Go to the Globe and Mail homepage

Jump to main navigationJump to main content

Criminal probe ordered after Mountie taped kicking a suspect in head Add to ...

A Kelowna Mountie will find out Monday whether he will be suspended pending both a criminal investigation and an internal police probe after he was shown in a video kicking a suspect in the head during an arrest.

The suspect, whom police have identified as Buddy Tavares, was on leave from work with a brain injury from a recent motorcycle accident.

Police responded to a call that an employee of the Harvest Golf Club in Kelowna was on the grounds firing a shotgun on Friday. Officers scoured the area and the suspect was soon pulled over in his grey pickup truck about five kilometres away from the club.

In an iPhone video shot by a local reporter and posted on the Internet, a man can be seen getting out of the truck at gunpoint. He has just gotten onto his hands and knees when a plainclothes officer kicks him in the head, causing the man to fall forward.

When he is later led away in handcuffs, his face is bloodied while a bloodstain is visible on the pavement.

Kelowna RCMP Superintendent Bill McKinnon received an unedited copy of the video Friday afternoon.

"After reviewing it, I ordered a criminal investigation," he said in an interview. He said he also placed the officer on administrative duties.

The investigation will be carried out by the Abbotsford police force. The officer, whom police have not named, is also facing an internal code of conduct investigation and RCMP deputy commissioner Peter Hourihan is expected to decide Monday whether to suspend the officer during the investigation.

Mr. Tavares has a permit to shoot blanks at the club to scare away geese, but police said he did not have permission to do so Friday.

An empty 12-gauge shotgun was seized from Mr. Tavares's truck, along with both spent and live ammunition, police said. No blanks were found.

After his arrest, Mr. Tavares was taken to the hospital and then to jail. Police took him back to the hospital Saturday morning for another checkup.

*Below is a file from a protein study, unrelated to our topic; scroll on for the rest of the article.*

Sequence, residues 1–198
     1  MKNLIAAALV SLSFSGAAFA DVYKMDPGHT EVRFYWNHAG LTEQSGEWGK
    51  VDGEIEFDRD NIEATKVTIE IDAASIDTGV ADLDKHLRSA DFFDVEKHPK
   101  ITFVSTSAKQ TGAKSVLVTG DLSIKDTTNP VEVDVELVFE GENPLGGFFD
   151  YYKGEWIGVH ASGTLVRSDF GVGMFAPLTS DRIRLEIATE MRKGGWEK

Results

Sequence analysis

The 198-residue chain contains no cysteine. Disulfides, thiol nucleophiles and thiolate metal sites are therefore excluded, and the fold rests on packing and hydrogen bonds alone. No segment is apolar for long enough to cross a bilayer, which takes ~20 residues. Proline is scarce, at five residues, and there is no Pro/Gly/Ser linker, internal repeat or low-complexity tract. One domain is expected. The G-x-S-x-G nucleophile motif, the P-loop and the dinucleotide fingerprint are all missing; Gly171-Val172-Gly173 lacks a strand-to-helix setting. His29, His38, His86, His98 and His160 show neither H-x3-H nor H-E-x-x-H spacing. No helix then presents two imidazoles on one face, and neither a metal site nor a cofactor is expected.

"We just wanted to make sure there was no broken bones or anything else after the swelling went down," said Supt. McKinnon.

After his checkup, Mr. Tavares was returned to jail. He has been charged with careless use of a firearm and is due in court Monday.

The man who shot the video, Castanet Media's Kelly Hayes, said Mr. Tavares appeared to be doing as he was told, though perhaps not as quickly as the officer wanted.

Mr. Hayes said the kick "looked like a full swing" and that Mr. Tavares was bleeding severely from his face.

"My reaction was I immediately felt sorry for the alleged suspect because I knew of the pain he was going through," Mr. Hayes said.

However, he pointed out that police were responding to reports of a man firing a gun. "There was reason to suspect that something menacing was going on," he said.

Mr. Tavares's friends however, feel differently.

At the Bunkhouse Bar and Grill next door to the golf club where Mr. Tavares is a regular, Al Body described him as a "very hard-working man" with a talent for refurbishing pianos.

When he first saw the video, Mr. Body said he was "quite taken aback by it."

"Buddy was doing what the police were asking him to do and the next thing you see is an officer kick him in the face."

Ken Albert, who described himself as Mr. Tavares's best friend, called the kick "a cheap shot."

"That could have actually killed him or put him in a coma. It was unbelievable," he said. "It was just sickening for that cop to do it and I can't see why Buddy's in jail and the cop is still behind a desk getting paid. It bugs me to no end."

Special to The Globe and Mail

 

In the know

Most popular videos »

Highlights

More from The Globe and Mail

Most popular